When it comes to the FCC’s ongoing auction of 700 MHz spectrum, the buzz around WiMAX has been louder than a Georgia sawmill on a busy day. Even the WiMAX Forum has entered the picture with plans to develop specifications for 700 MHz spectrum adding to the noise and creating the general impression that WiMAX will drown out any other wireless broadband user.
Ericsson, though, maintains that WiMAX is not the only way to use this chunk of air being abandoned by broadcasters and acquired for multiple billions of dollars by an as-yet unnamed crowd of potential broadband wireless service providers. There’s also HSPA and its offspring LTE and that’s where Ericsson’s focused.
“From our perspective we could care less about the competing technologies. What is of most interest to us is to offer whatever technology our customers want for whatever they want to use it (spectrum) for,” said Arun Bhikshesvaran, CTO and vice president of strategy for Ericsson North America.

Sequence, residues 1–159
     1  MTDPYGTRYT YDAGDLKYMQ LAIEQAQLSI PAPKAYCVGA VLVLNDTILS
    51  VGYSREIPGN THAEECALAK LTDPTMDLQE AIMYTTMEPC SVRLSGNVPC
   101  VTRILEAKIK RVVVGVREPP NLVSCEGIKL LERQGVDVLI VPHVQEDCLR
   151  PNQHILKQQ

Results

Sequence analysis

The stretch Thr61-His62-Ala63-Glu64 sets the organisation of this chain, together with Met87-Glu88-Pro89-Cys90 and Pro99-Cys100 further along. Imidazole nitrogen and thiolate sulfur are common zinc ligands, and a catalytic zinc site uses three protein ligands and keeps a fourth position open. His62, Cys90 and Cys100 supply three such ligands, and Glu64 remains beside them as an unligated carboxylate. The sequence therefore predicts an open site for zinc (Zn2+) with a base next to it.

As long as those customers want LTE.
“The beauty of LTE is that the momentum is now really global and it’s coming from HSPA, CDMA and TD-CDMA,” he said. “All these operators that are part of the global momentum have shown their support because they can see that this LTE technology will provide the backward compatibility to their existing technologies.”
Ericsson’s plans are to go ahead and develop 700 MHz HSPA gear and then migrate that to LTE. This, said Bhikshesvaran, is similar to the path the company took when operators started moving from GSM to HSPA.
“The right technology has to have the flexibility to work in multiple modes; has to have the global economy of scale that comes from having a good ecosystem to support it; and in some ways has to take it all to a platform that everybody can enjoy on a global basis. Those are some of the criteria that we use when we decide on what technologies to offer in what bands,” he said.
And Ericsson has decided on LTE where it has “trials ongoing this year both from a device platform and from a network perspective,” he said. “We will supply it to anybody who wins built out in the mobile broadband network for applications that require backward compatibility.”